Here's one of the more playful uses of "get religion" I've seen in a headline: "Getting religion about health," which is Salon's Q&A with Arkansas Gov. Mike Huckabee about his weight loss, his self-help book Quit Digging Your Grave With a Knife and Fork and whether his health campaign could be related to any broader political ambitions. Perhaps the most refreshing aspect of this interview is its near-total lack of language about culture wars. Nutrition is one issue that affects families across the usual political, cultural and theological divides, and it's one that could always use more good-natured and good-humored voices. Those of us with poor eating habits usually feel enough shame or self-loathing without a daily scolding.
Huckabee's message is a mixture of individuals taking responsibility for their habits and recognizing the cultural cues that can prompt poor choices. He avoids the temptation of blaming any one villain for overweight children:
We want to work with food companies to encourage them to promote healthier food choices. We realize that the food industry is at the mercy of the marketplace, and we're not blaming them for the fact that Americans are overweight. I certainly don't blame the fast-food industry for making me overweight. They sold what I demanded.
The second thing is to make more parents aware of how little exercise their kids are getting, and how many calories their kids are getting. Many of the things that parents do to show love for their kids are not necessarily in their best interest. For example, you take your kids to pizza not because you hate them but because you think that you're giving them a treat. And if a medium pizza might actually meet the nutritional needs of three or four kids, the large one shows that you have no limits to your love.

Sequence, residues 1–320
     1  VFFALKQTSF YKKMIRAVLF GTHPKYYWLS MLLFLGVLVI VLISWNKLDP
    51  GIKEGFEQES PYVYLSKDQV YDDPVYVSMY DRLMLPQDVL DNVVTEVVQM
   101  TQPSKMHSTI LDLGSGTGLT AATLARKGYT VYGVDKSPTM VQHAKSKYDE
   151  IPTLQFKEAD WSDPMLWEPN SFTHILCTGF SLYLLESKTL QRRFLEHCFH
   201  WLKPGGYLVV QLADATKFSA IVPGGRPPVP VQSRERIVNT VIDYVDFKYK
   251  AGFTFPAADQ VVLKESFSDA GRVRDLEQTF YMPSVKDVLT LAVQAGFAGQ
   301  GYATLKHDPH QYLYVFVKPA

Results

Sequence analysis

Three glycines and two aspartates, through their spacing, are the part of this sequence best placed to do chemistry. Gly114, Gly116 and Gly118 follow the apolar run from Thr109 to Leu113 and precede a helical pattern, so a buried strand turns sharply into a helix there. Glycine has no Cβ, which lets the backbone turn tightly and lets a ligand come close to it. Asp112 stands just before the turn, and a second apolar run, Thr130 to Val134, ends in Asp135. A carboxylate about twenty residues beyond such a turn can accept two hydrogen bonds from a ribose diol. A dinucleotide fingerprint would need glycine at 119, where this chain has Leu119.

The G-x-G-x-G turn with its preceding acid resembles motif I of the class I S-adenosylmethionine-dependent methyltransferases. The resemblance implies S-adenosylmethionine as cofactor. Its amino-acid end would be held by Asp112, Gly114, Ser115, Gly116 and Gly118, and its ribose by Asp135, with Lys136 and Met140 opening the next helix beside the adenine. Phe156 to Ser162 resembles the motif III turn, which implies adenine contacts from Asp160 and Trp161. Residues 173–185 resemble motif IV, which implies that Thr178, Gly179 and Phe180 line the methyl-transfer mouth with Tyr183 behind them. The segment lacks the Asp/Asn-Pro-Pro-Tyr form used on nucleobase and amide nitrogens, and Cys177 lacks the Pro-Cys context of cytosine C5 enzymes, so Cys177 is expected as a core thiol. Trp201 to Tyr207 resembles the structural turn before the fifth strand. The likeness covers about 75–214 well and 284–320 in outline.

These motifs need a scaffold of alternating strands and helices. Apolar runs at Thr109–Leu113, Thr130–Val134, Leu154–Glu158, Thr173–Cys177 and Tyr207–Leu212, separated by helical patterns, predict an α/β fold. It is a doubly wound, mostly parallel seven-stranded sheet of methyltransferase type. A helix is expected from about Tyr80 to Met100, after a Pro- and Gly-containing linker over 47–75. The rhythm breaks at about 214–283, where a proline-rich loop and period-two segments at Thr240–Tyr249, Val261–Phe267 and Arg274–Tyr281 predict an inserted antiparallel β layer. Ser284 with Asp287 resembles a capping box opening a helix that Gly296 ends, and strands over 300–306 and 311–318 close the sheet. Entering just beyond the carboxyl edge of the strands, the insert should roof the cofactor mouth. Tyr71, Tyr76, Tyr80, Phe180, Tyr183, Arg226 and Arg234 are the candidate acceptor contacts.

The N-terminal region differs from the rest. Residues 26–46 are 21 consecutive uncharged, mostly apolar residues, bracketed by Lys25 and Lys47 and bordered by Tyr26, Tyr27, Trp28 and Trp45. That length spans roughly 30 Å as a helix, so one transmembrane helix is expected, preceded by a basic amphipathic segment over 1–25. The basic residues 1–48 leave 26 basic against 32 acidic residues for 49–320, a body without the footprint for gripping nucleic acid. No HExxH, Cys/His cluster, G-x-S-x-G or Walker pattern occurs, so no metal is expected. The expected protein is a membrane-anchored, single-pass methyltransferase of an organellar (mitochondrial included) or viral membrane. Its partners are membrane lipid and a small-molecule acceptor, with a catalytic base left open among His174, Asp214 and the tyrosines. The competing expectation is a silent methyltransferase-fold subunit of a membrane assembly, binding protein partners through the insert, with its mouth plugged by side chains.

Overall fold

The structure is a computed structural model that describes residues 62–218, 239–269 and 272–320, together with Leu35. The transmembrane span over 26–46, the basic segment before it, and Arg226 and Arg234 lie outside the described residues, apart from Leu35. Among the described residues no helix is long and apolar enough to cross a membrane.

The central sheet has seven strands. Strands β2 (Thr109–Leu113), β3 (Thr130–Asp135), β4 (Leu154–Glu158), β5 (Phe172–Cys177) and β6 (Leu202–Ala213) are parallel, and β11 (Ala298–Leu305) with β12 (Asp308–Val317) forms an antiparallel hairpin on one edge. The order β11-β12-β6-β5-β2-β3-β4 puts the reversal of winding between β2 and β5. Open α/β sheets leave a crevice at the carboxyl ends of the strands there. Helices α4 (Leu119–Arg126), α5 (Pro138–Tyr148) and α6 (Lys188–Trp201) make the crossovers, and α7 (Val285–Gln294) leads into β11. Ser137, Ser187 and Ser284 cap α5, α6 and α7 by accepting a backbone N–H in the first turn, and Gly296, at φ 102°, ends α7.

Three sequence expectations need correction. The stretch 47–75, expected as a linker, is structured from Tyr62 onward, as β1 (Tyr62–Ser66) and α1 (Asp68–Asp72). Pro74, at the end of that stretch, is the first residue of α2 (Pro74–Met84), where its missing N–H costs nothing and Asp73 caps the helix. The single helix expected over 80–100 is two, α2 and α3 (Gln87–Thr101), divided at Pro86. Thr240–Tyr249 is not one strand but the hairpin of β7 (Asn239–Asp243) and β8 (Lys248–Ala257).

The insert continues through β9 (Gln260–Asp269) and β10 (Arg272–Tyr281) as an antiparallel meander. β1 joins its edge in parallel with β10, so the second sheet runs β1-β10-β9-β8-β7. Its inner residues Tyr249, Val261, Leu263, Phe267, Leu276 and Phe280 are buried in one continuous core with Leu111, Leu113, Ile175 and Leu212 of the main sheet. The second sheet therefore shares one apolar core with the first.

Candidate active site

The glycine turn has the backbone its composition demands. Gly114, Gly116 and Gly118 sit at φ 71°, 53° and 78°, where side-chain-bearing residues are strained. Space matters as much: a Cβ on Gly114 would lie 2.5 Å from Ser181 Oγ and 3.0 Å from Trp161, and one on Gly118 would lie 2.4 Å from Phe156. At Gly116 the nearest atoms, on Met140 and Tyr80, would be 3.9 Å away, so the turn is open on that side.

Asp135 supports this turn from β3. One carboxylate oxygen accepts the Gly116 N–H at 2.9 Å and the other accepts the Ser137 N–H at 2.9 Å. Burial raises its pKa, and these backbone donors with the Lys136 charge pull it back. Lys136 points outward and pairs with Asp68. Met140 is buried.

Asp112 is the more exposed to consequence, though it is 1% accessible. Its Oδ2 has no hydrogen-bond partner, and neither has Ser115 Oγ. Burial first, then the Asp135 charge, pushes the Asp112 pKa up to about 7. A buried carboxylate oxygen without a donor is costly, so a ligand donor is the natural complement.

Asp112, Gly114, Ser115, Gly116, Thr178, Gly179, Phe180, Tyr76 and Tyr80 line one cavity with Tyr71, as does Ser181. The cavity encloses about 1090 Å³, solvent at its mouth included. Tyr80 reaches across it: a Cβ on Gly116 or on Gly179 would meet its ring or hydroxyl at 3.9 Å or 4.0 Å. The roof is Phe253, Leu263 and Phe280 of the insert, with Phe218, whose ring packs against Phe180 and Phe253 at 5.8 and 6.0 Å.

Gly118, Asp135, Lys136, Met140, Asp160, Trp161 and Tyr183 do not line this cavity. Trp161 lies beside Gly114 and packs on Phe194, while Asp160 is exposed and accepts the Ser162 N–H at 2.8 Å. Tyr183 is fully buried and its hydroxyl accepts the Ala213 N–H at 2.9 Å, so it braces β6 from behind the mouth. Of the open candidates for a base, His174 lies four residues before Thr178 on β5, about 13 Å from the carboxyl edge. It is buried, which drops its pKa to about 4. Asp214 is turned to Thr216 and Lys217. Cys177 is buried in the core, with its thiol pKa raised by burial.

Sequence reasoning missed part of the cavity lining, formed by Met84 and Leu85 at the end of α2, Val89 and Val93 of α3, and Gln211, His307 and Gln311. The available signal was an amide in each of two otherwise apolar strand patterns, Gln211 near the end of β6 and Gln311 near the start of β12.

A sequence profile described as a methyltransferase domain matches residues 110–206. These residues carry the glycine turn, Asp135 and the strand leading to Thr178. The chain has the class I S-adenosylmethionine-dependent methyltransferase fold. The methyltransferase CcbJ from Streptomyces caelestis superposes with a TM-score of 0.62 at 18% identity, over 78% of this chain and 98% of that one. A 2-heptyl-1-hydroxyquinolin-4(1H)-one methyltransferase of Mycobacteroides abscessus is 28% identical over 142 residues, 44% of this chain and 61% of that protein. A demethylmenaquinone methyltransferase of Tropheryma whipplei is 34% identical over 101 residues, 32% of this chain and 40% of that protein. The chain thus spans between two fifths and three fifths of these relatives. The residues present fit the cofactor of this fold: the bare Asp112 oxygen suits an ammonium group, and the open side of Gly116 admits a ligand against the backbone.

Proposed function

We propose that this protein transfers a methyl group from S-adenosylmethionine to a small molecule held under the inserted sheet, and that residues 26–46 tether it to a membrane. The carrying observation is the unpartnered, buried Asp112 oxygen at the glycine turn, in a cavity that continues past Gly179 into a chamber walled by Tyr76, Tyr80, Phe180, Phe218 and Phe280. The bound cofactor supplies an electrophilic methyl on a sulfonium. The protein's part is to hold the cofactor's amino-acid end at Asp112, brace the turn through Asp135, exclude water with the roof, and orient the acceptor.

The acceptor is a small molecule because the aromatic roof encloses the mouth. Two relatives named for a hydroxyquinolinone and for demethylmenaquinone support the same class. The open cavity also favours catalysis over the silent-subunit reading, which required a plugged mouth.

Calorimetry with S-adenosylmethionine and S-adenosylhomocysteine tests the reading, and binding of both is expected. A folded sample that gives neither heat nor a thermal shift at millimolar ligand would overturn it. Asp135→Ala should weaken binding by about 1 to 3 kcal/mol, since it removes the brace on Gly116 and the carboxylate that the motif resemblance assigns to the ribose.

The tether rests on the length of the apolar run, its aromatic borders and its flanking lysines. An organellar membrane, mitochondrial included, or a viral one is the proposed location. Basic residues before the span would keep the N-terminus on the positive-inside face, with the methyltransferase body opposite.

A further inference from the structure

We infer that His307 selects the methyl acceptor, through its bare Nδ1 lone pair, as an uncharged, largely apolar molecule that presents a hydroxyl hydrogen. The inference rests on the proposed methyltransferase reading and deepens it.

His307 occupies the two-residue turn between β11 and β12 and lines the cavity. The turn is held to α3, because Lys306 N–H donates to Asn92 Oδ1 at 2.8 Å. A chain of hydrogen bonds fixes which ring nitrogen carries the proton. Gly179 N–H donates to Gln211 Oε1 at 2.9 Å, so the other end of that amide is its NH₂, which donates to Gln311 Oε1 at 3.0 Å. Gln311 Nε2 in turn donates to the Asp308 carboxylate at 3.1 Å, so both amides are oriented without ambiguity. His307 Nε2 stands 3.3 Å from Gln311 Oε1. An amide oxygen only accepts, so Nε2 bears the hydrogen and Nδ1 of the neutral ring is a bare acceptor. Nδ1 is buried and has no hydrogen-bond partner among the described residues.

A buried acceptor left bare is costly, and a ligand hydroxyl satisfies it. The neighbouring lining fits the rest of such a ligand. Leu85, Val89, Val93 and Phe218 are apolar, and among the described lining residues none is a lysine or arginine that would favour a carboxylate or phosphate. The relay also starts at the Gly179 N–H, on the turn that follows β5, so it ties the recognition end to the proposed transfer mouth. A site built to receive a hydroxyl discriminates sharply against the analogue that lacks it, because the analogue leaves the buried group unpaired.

It's part of the whole culture of food. We let food become the reward. It's one of the most important things that I had to learn about why I'd never been successful in getting control of my health. I've heard people on talking-head shows chastising parents for overfeeding their kids and making parents feel terrible about it, as if they've done an abusive thing. And I want to just scream and say, "Obviously, either you're not a parent or you don't understand why parents are doing what they're doing. They're not doing what they're doing because they hate their kids.
In response to one of Katharine Mieszkowski's best questions, Huckabee expresses a calm distrust of Nanny State solutions to cultural disputes:
What role should the government have in deciding what food advertisers should be able to market to children?
I'm really a First Amendment guy when it comes to telling the media what they can do, because I don't want the government telling you what you can write. I'm almost a libertarian when it comes to things like that, much to the surprise of many, even though I'm a conservative Republican, and a person of deep personal faith. I am very uncomfortable when people want to start choosing even what's on the cable channels. Because you know, where does it stop?
There are a lot of things on television that are offensive to me, but that's why I have an off button. And when enough people like me are disgusted with something and don't watch it, then they'll be a different kind of program. The reason some programs are continuing to proliferate is because whether or not I particularly like it or agree with it, there are folks out there that enjoy it. Art typically reflects the culture rather than necessarily creates it.
Huckabee is humorous in brushing aside Mieszkowski's questions about his political ambitions:
I'm politically astute enough to know that just because I lost weight, started running and wrote a book about it, that's not singularly enough of a qualification to say: "Yeah, this guy ought to be president." Otherwise, Dr. Phil would be running; Oprah would be running. Actually, come to think of it, Oprah could get elected.
Katharine Mieszkowski did a great job with this interview. She transformed what could have been just another marketing moment into a real conversation about questions that greet us every morning, especially if we step onto a scale.